This article provides an overview of Risk Management.

Let's start with the basic concepts.

Learn more

Risk-Based Testing (RBT) is built on top of Risk Management and thus the same concepts and principles apply. To learn more about it check Risk-Based Testing.

If you want to learn how to perform RBT whenever using Xray, please have a look at Performing Risk-Based Testing (RBT) with Xray

Concepts and Terminology


In general, we can define Risk as the “effect of uncertainty on objectives” (ISO 31000:2018that can be positive (opportunity) or negative (threat).

We can also look at it as an uncertain event with a positive or negative effect on the measurable success-criteria of a project.

Therefore, and as a way to overcome a common misconception, risks are not always negative; however, many times we may be more focused on these ones. 


  • dependency on unsupported open-source library
  • dependency on a closed, proprietary library without access to source-code 
  • replacement of relational database with a NoSQL one
  • lack of sample data
  • inability to thoroughly verify/discuss requirements with customer
  • new technology, never used before
  • lack of skills within the team

Level of Risk

The level of risk, sometimes just simply called "risk value" or "risk," can be defined as a combination of the probability/likelihood and the impact/consequence of an event on the objectives.

Risk = Probability (of event) * Impact
Also know as:(Level of Risk / Risk Score / Risk Exposure) (Likelihood/Frequency)(Consequence/Damage/Revenue/Business Criticality)

Probability / Likelihood

Probability of an event occurring.

It can be defined as a percentage, a number interval (e.g. 0-4) or as a ordered list of values (e.g. "low", "medium", "high", "very high.")

Probability can be evaluated using multiple weighted criteria/factors (e.g. software maturity, software complexity, type of change, number of changed components, related defect rate, etc).

Impact / Consequence

The outcome of an event affecting objectives. In other words, it can also be defined as the overall loss or revenue that could occur IF the risk occurs.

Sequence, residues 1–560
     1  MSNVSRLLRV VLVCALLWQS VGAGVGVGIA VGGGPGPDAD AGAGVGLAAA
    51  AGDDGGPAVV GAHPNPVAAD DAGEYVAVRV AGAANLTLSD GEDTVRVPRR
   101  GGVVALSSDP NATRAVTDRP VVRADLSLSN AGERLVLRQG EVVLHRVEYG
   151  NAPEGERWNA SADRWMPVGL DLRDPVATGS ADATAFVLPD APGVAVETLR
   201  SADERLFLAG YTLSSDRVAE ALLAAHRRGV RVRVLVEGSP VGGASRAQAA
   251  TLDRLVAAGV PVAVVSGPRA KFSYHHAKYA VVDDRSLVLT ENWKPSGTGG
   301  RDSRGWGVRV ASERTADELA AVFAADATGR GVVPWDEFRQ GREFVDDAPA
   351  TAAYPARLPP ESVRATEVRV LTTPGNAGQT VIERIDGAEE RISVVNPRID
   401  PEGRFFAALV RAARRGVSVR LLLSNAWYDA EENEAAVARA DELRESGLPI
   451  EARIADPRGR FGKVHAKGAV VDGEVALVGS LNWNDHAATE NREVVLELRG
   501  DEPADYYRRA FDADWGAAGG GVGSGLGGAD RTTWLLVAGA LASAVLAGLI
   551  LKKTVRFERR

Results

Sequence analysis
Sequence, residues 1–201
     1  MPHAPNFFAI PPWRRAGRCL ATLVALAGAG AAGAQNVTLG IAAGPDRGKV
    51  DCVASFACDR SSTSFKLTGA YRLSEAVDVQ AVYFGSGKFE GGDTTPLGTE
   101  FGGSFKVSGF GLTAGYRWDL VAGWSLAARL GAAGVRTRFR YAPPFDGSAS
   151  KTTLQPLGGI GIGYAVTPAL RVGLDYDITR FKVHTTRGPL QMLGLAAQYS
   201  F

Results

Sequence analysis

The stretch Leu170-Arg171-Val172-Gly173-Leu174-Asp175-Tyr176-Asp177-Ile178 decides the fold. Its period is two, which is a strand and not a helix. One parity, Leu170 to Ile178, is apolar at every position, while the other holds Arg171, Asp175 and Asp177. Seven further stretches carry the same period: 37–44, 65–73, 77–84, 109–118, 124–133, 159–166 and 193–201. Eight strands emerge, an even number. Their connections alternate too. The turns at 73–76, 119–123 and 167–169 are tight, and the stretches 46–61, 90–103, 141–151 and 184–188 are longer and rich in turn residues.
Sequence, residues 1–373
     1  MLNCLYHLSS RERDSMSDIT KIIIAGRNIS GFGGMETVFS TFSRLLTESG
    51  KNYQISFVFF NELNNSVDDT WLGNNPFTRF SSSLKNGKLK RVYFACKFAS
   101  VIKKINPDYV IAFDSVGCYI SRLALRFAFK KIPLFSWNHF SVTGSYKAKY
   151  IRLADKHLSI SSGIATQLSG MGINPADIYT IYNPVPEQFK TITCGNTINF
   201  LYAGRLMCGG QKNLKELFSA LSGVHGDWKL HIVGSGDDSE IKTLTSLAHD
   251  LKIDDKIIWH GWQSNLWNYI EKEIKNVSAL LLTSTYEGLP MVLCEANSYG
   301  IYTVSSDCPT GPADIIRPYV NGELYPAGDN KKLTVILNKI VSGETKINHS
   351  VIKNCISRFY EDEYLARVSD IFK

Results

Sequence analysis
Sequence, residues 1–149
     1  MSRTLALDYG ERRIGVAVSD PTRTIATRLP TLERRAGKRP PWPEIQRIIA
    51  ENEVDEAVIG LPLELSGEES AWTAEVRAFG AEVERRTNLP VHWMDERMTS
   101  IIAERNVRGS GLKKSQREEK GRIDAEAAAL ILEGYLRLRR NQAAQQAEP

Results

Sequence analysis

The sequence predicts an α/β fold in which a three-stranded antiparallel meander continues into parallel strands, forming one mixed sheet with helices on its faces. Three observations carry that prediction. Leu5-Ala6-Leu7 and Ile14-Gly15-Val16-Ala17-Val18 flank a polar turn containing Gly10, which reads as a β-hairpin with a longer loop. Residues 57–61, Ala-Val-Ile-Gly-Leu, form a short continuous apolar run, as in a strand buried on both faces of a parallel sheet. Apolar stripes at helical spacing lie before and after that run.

An impact...

  • Can be positive (i.e. an "opportunity") or negative (i.e. ”threat”)
  • Can be evaluated using multiple weighted criteria
    • frequency of use, number of affected users, category/significance of affected users, type of impact, etc

Thus, if the probability of an event is 0, that risk won't happen. Likewise, a risk with no impact also leads to a risk score of 0.

Having a high-impact risk by itself is not something to worry much about unless the probability of the associated event is "high" enough.

Impact may be defined as a number interval (e.g. [0-4]) or as a ordered list of values (e.g. ["low", "medium", "high", "very high"]). 


The risk source is the "element which alone or in combination has the intrinsic potential to give rise to risk" (ISO 31000). 


  • unclear requirements
  • external library
  • external stakeholder
  • regulatory constraints
  • adoption of new process 
  • ...


Risk criteria correspond to the "terms of reference against which the significance of a risk is evaluated" (ISO 31000).

"Criteria can be imposed by, or derived from, legal and regulatory requirements and other requirements to which the organization subscribes."

This risk criteria includes the definition of multiple levels for the probability and impact variables. 


Risk categories are a way of classifying and grouping risks together.


  • business
  • technical
  • operational
  • project management
  • external
  • compliance
  • ...

"Types" of Risks

Inherent Risk

Existing risk, and implicit risk level, before any treatment actions are taken.

Residual Risk